“Nada” by Carlos Di Sarli y su Orquesta Típica with Alberto Podestá in vocals, 1944.

“Nada” by Carlos Di Sarli y su Orquesta Típica with Alberto Podestá in vocals, 1944.

Horacio Sanguinetti, Argentine Tango lyricist

Horacio Sanguinetti

Lyricist (March 19, 1914 – December 19, 1957)

Many reasons coincide with considering him as one of the pens that helped to lend prestige to Tango literature, especially during the period deservedly famous, which has remained known in the genre’s history as The Forties.

Horacio Sanguinetti belonged to that qualified and unforgettable generation of musicians, composers, authors and interpreters.

By sensitivity, temper, and generational activity, he easily transcended through an abundant output -rich and notorious-even though with ups and downs; he is regarded and consecrated in a large number by titles that had easily overcome oblivion.

The fact that during that decade, it was impossible to find any outstanding orchestra that had not recorded some of his pieces is undeniable evidence of the level and importance of Tango’s creative labor.

Read more about Horacio Sanguinetti at www.todotango.com

Listen and buy:

We are happy to have a collaboration with the people from tangotunes.com from whom some of you may have heard, they do high-quality transfers from original tango shellacs.

It is the number 1 source for professional Tango DJs all over the world.

  • Now they started a new project that addresses the dancers and the website is https://en.mytango.online
    You will find two compilations at the beginning, one tango and one vals compilation in amazing quality.
    The price is 50€ each (for 32 songs each compilation) and now the good news!

If you enter the promo code 8343 when you register at this site you will get a 20% discount!

Thanks for supporting this project, you will find other useful information on the site, a great initiative.

More Argentine Tango music selected for you:

Ver este artículo en español

We have lots more music and history

Learn to dance Argentine Tango

Mastering the Art of Argentine Tango: A Roadmap to Dance Excellence

Mastering the Art of Argentine Tango: A Roadmap to Dance Excellence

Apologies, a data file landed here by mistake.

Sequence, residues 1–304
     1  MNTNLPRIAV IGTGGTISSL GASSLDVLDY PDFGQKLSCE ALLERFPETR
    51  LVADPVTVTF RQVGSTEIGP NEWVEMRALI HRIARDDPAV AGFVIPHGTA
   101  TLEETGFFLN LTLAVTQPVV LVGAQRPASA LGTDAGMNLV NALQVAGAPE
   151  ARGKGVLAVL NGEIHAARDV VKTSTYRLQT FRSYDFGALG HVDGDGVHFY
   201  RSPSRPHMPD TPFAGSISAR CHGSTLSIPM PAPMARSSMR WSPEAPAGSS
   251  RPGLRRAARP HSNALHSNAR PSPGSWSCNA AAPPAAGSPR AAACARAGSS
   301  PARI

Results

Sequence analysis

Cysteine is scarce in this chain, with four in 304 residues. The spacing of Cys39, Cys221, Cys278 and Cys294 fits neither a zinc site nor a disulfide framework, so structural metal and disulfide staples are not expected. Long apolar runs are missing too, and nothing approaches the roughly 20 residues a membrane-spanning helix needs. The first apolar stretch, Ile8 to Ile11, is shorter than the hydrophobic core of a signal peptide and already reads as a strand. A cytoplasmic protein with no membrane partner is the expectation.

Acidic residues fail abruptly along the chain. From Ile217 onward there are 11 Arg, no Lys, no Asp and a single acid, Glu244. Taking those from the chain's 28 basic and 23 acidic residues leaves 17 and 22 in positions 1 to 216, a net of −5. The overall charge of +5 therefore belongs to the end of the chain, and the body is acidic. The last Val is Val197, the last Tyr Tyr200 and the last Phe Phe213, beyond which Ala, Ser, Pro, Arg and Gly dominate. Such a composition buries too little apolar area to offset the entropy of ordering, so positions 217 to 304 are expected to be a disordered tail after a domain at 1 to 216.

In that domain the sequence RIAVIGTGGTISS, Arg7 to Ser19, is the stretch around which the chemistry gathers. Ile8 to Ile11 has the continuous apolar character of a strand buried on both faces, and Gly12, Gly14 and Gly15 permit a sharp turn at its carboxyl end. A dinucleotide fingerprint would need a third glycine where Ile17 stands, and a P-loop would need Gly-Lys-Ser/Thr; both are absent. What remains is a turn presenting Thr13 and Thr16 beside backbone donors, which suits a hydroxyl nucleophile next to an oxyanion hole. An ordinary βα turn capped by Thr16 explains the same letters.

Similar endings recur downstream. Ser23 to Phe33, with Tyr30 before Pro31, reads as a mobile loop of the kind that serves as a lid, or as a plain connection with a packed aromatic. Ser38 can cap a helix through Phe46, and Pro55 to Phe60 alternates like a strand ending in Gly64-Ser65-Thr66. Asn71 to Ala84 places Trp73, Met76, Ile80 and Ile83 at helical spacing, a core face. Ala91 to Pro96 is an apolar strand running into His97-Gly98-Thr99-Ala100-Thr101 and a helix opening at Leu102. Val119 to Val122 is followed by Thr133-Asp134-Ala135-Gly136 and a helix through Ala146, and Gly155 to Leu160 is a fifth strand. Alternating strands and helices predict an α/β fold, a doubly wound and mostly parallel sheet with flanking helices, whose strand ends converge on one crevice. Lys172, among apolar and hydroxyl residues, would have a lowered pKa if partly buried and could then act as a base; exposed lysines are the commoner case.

Marcelo Solis dancing Argentine Tango with Mimi at our beginner class.

Building Your Tango Foundation: The Power of Solo Practice and Musicality

Regular practice incorporating walking, weight changes, pauses, pivots, turns, “paradas” (stops), “calecitas” (merry-go-rounds), and embellishments serves as the cornerstone of your dancing freedom.

The best part? You can enhance these crucial elements without a partner by your side.

But that’s not all. Argentine Tango demands solo dedication in various aspects.

Musicality, for instance, plays a pivotal role in your tango journey.

To hone your musicality, immerse yourself in active listening to Tango music, delving into the intricacies of what you hear.

This newfound understanding will elevate your dancing to new heights.

The forthcoming tips are universally applicable, whether you’re engaged in solo practice or dancing alongside your partner:

1- Enhance Your Walking Skills:

Unlock the Potential in Your Walking Technique Initiate your practice sessions focusing on walking.

Explore four different walking speeds: regular, fast, slow, and very slow.

Begin by mastering the slow pace, allocating 4 counts for each step.

Next, dedicate time to practicing at a regular pace, aligning your steps with each downbeat of the music.

To work on fast-walking skills, engage in what’s commonly referred to as the “corrida.”

This involves walking to a rapid rhythm following a quick-quick-slow pattern or a down-up-down sequence.

Tango invites you to transform your walk – and, by extension, your entire life – into a masterpiece of artistry.

More walking exercises…

2- Change Of Weight:

A ‘change of weight’ is essentially a nuanced form of walking. It takes place in one spot without any physical displacement.

When you begin your dance, consider incorporating at least one change of weight to infuse elegance into your movements. However, avoid excessive changes, as moderation is key.

Here, you’ll discover a selection of exercises aimed at refining and enhancing your ability to execute seamless changes of weight:


Approach these changes with a composed demeanor. When dancing with your partner, your execution of this element should convey a soothing and serene presence to them.

More change of weight exercises…

3- Pauses:

Pauses rank among the paramount components of Tango.

While honing your techniques, actively seek instances where you can incorporate pauses.

For instance, consider incorporating a pause during a salida to the side, also known as a “salida in 2,” as a prime example.

You can make a pause in position 3:

After change of direction: